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      Effect of a Glyphosate-Containing Herbicide on Escherichia coli and Salmonella Ser. Typhimurium in an In Vitro Rumen Simulation System

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          Abstract

          Glyphosate ( N-(phosphonomethyl)glycine) is the most-used herbicide worldwide. Many studies in the past have shown that residues of the herbicide can be found in many cultivated plants, including those used as livestock feed. Sensitivity to glyphosate varies with bacteria, particularly those residing in the intestine, where microbiota is exposed to glyphosate residues. Therefore, less susceptible pathogenic isolates could have a distinct advantage compared to more sensitive commensal isolates, probably leading to dysbiosis.

          To determine whether the ruminal growth and survival of pathogenic Escherichia coli or Salmonella serovar Typhimurium are higher when glyphosate residues are present in the feed, an in vitro fermentation trial with a “Rumen Simulation System” (RUSITEC) and a glyphosate-containing commercial formulation was performed.

          Colony forming units of E. coli and Salmonella ser. Typhimurium decreased steadily in all fermenters, regardless of the herbicide application. Minimum inhibitory concentrations of the studied Salmonella and E. coli strains did not change, and antibiotic susceptibility varied only slightly but independent of the glyphosate application.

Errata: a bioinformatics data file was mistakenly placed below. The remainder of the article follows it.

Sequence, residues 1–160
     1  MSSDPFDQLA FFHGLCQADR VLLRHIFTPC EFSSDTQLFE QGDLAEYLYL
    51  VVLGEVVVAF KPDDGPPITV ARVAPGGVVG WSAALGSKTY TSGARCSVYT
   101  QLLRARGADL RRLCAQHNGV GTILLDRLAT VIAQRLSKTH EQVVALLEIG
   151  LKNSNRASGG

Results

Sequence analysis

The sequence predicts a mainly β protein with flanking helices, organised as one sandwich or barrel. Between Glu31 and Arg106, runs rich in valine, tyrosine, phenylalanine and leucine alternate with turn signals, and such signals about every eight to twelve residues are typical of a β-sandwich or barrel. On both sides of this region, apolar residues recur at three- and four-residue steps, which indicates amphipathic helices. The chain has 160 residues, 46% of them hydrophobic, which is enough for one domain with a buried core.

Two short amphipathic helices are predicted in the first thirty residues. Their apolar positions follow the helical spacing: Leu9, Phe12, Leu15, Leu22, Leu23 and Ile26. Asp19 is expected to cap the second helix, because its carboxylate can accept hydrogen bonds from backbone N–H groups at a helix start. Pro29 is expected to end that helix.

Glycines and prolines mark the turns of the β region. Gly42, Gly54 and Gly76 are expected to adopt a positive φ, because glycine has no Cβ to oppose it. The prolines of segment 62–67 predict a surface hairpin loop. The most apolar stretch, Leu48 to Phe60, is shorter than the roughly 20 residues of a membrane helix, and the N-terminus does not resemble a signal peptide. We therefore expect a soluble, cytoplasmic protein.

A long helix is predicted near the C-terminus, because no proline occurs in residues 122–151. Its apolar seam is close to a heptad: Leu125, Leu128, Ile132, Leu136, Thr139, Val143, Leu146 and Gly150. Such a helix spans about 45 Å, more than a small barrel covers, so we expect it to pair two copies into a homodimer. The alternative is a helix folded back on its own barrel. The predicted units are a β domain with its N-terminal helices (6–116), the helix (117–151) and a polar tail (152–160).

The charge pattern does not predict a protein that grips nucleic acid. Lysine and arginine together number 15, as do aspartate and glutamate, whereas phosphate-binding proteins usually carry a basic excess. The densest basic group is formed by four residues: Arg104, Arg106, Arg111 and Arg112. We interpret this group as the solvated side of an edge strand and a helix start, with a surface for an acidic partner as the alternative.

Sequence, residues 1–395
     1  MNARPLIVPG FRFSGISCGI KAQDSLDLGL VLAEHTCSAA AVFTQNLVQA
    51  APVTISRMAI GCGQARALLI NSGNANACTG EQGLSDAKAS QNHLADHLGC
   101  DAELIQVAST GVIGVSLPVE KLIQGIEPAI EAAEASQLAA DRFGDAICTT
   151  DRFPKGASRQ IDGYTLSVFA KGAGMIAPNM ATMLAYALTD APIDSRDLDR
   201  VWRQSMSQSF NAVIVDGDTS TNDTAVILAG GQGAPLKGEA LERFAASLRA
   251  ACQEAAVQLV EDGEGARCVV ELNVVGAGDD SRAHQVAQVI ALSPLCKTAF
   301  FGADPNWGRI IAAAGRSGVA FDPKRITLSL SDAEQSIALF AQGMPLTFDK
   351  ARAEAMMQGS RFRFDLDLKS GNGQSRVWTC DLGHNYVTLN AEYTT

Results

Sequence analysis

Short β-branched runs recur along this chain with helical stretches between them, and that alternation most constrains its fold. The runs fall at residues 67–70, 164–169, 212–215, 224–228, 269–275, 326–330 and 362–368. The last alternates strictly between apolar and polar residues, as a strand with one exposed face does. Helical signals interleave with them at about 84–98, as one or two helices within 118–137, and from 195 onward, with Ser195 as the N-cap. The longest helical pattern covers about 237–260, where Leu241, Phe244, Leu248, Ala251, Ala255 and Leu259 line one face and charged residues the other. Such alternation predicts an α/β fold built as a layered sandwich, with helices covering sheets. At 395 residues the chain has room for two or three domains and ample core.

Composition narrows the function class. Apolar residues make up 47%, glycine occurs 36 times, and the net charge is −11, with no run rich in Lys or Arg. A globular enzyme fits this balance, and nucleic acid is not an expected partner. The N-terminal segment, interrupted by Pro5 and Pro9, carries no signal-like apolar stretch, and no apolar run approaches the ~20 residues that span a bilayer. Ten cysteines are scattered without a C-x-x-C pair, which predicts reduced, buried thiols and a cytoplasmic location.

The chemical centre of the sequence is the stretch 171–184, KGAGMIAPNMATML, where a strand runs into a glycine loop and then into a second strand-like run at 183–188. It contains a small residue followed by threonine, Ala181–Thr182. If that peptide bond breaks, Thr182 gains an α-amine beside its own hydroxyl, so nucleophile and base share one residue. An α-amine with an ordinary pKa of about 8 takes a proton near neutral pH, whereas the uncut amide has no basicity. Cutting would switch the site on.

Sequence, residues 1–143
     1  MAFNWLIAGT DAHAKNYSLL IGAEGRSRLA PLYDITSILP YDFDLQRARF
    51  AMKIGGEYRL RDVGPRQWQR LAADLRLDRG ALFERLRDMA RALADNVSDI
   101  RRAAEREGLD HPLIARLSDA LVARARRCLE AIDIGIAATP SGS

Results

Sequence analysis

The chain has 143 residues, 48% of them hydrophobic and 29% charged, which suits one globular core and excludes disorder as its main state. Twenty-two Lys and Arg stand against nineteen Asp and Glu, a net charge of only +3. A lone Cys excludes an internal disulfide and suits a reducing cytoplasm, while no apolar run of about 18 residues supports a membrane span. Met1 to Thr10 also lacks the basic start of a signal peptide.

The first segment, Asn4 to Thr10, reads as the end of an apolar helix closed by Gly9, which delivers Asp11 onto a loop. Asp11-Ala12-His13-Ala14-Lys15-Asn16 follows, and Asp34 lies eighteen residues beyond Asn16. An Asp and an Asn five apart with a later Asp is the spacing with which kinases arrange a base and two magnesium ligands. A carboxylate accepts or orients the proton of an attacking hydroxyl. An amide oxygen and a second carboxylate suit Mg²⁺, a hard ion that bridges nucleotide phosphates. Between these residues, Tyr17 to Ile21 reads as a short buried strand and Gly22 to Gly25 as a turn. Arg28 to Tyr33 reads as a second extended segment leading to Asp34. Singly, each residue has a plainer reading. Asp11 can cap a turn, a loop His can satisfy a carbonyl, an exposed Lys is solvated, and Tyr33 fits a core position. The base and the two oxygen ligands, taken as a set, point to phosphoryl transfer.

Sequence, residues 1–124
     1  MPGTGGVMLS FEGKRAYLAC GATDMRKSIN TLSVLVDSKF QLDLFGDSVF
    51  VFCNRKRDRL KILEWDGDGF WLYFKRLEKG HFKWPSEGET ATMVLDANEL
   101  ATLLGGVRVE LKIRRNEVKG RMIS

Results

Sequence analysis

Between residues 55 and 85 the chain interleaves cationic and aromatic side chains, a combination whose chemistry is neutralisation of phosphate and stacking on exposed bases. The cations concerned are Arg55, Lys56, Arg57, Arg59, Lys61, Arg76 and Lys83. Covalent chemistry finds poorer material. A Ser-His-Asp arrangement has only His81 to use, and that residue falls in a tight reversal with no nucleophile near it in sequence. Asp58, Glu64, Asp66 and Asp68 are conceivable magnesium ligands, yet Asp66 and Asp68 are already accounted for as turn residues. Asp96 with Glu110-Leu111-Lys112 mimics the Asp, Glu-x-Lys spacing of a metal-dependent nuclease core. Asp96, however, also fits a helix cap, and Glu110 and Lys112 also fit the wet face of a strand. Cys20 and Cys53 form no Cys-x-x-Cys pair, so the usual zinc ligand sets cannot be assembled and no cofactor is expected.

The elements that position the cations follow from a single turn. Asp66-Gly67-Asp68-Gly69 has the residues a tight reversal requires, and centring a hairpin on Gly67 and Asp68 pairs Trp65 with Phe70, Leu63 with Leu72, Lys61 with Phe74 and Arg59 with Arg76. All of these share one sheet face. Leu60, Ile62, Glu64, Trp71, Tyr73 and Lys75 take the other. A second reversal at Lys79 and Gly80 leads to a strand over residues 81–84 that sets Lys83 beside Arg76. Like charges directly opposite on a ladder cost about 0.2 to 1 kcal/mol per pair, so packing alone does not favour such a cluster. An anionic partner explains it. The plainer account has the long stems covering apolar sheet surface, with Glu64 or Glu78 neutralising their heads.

Overall, application of the glyphosate-containing formulation in a worst-case concentration of 10 mg/L neither increased the abundance for the tested E. coli and Salmonella strain in the in vitro fermentation system, nor promoted resistance to glyphosate or antibiotics.

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          Most cited references 53

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          THE SHIKIMATE PATHWAY.

          The shikimate pathway links metabolism of carbohydrates to biosynthesis of aromatic compounds. In a sequence of seven metabolic steps, phosphoenolpyruvate and erythrose 4-phosphate are converted to chorismate, the precursor of the aromatic amino acids and many aromatic secondary metabolites. All pathway intermediates can also be considered branch point compounds that may serve as substrates for other metabolic pathways. The shikimate pathway is found only in microorganisms and plants, never in animals. All enzymes of this pathway have been obtained in pure form from prokaryotic and eukaryotic sources and their respective DNAs have been characterized from several organisms. The cDNAs of higher plants encode proteins with amino terminal signal sequences for plastid import, suggesting that plastids are the exclusive locale for chorismate biosynthesis. In microorganisms, the shikimate pathway is regulated by feedback inhibition and by repression of the first enzyme. In higher plants, no physiological feedback inhibitor has been identified, suggesting that pathway regulation may occur exclusively at the genetic level. This difference between microorganisms and plants is reflected in the unusually large variation in the primary structures of the respective first enzymes. Several of the pathway enzymes occur in isoenzymic forms whose expression varies with changing environmental conditions and, within the plant, from organ to organ. The penultimate enzyme of the pathway is the sole target for the herbicide glyphosate. Glyphosate-tolerant transgenic plants are at the core of novel weed control systems for several crop plants.
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            Safety evaluation and risk assessment of the herbicide Roundup and its active ingredient, glyphosate, for humans.